The present study showed significant correlations between ADC values obtained from DW-MRI and clinicopathological prognostic criteria, specifically histological grade, tumour size and muscle invasiveness. Further, significant correlations between ADC values and the prognostic immunohistochemically derived biomarkers p53, p21 and ki67 were identified. Despite cross-correlations, ADC was one independent predictor for bladder cancer stage and grade as identified by multivariate analysis. Aggressive muscle invasive bladder cancers present with low ADC values and a high fraction of ki67 positive cells. These findings logically fit to each other: an aggressive neoplasm shows a high proliferation rate as reflected by ki67 measurements while the result of this high proliferation rate leads to an increased cellularity, decreasing the proportion of extracellular to intracellular space. ADC measurements reflect water diffusion in the extracellular space and are relatively decreased in highly proliferative tumors [15]. However, the reason why ADC values are decreased in aggressive cancers is not fully understood, as several authors in several organs have demonstrated associations between ADC values and cellularity of the tumor proliferation rate, however, these correlations are weak to moderate and thus in good agreement with our own findings [9], [16][18]. Further, we investigated p53 and p21: p53 is also associated with tumour stage, pathological tumour grade and lymphovascular invasion. Further studies have reported that p53 over-expression is associated with high grade and higher stage in patients with bladder cancer [19]. It has also been established that p53 is an independent factor for prediction of recurrence progression and mortality in bladder cancer [19]. Recent studies have demonstrated that a combination of cell cycle regulators such as p53, p21, p27 and cyclin e1 provides superior prognostic information as compared to these markers analyzed independently [2]. The association between ADC, ki67, p53 and p21 underlines that ADC values are associated with certain phenotypes of bladder cancer, showing lower values in muscle invasive and high-grade tumors. The reason why we should be interested in another marker of malignancy is obvious: while immunohistochemically derived prognostic markers require invasive tissue sampling and human interaction in selecting representative slides for analysis, ADC values represent the result of a noninvasive, three-dimensional and quantitative test. However, based on our preliminary results, ADC values may also have an incremental prognostic value and are not an replacement for other prognostic markers. It has been suggested in a recent review, that a combination of prognostic markers in bladder cancer may be needed to provide a complete description of the underlying tumor pathology in this heterogeneous disease [19].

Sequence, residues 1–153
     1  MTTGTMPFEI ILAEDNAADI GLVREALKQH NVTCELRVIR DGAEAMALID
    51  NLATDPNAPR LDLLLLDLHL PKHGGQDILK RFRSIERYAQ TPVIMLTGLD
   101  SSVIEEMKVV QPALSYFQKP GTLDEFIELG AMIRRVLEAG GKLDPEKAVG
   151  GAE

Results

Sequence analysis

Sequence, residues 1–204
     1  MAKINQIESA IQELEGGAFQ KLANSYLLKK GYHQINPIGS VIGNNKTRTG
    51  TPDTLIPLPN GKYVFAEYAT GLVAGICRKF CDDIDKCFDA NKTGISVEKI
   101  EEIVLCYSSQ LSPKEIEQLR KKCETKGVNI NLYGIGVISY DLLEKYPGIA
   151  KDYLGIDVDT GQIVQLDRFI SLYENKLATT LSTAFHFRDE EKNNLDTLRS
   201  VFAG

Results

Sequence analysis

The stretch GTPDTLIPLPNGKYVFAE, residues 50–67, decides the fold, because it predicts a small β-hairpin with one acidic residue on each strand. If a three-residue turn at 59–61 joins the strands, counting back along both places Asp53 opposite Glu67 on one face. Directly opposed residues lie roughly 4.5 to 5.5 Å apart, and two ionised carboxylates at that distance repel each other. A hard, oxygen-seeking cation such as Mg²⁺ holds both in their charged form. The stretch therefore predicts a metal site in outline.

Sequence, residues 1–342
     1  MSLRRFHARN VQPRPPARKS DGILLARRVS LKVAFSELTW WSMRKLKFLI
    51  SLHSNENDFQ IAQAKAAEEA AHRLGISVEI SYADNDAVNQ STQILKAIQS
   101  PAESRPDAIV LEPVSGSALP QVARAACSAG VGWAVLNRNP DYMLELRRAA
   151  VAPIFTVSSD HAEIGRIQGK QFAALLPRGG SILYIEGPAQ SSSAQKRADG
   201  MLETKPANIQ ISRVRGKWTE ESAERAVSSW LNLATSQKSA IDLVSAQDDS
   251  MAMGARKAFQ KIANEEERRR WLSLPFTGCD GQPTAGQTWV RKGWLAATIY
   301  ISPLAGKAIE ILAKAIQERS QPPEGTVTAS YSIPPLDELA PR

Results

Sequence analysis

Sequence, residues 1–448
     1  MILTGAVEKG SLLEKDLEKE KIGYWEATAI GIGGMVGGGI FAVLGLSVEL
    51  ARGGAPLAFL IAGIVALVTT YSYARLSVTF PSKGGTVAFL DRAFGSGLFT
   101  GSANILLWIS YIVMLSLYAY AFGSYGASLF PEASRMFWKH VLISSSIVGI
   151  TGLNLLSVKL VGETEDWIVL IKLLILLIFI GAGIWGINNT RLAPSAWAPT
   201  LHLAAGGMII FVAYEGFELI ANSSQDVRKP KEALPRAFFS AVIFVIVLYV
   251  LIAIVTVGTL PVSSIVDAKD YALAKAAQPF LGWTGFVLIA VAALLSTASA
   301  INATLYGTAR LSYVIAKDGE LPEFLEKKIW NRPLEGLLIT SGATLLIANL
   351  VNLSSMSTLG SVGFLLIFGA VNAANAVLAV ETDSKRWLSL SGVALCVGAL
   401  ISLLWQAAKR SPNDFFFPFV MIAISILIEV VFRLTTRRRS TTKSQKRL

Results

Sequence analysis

We are not the first to describe associations between ADC values and clinicopathological features in bladder cancer [6], [8], [9], [20], [21]. While our results are in good agreement with these previous studies, little is known about the association between ADC values and prognostic biomarkers. To our knowledge, only Kobayashi et al. conducted a study on correlations between ADC, ki67 and clinicopathological features in bladder cancer [9]. Our results go along with this prior study, demonstrating a similar correlation coefficient between ki67 and ADC (−0.47 in our study and −0.57 in the study by Kobayashi et al.). The authors concluded that ADC values are a biomarker for bladder cancer aggressiveness [9]. Our study goes beyond this initial study, as we included further markers of the cell cycle and their associations with both ADC values and clinicopathological factors. Of note, except for lymphovascular invasion, ADC values were independently predictive of all important clinicopathological features such as grade and stage in bladder cancer.

We are obliged to mention limitations of the current study. First, the number of patients included in this study are rather low. This underlines the pilot study character of our research. It has to be stressed that the exploratory multivariate models presented in this text cannot be directly applied in clinical practice as they are not prospectively validated under the same conditions under which the underlying data were collected. However, the positive correlations between the single examined factors and the computed multivariate models have each proven statistical significance and underline the interest in further research on this topic. Further, we did not investigate retest reliability data on the variability of ADC measurements if measured on two different occasions in the same patient. The low variation of ADC measurements in different tumors within this study strongly suggests a low re-test variation. As our study was intended as an exploratory analysis to identify cross-correlations between ADC values and prognostic biomarkers with clinicopathological features. Standardization and reliability analyses are thus beyond the scope of this paper. The coefficient of variation between different readers on the same images was low.

Although we identified correlations with clinicopathological and immunohistochemical prognostic factors, the possible prediction of patient outcomes in terms of disease free and overall survival would be of primary clinical interest. However, the associations identified in our study are very suggestive of a prognostic value of ADC values for patients' outcomes.

In conclusion, ADC values are both correlated with altered proliferative activity in bladder cancer as measured by immunohistochemical biomarkers and, further, correlated with the prognostically relevant clinicopathological presentation of bladder cancer. Multivariate statistics demonstrated ADC values as an independent predictor of BCA grading, size and muscle invasion. Of the investigated immunohistochemical biomarkers, p21 and p53 were predictive of LVI and p53 independently contributed to muscle invasion and tumor grade prediction. Our findings underline the potential role of ADC values as an independent and additive diagnostic biomarker for prediction of bladder cancer biological aggressiveness and provide a basis for further studies validating the utility of these findings for clinical decision-making.

Author Contributions

Conceived and designed the experiments: SS AH LP PATB. Performed the experiments: AH LP MS CS PATB. Analyzed the data: SS AH LP MS HF SFS MH CS TS PATB. Contributed reagents/materials/analysis tools: SS AH LP MS PATB. Contributed to the writing of the manuscript: SS AH LP MS HF SFS MH CS TS PATB. Statistical analysis: PATB.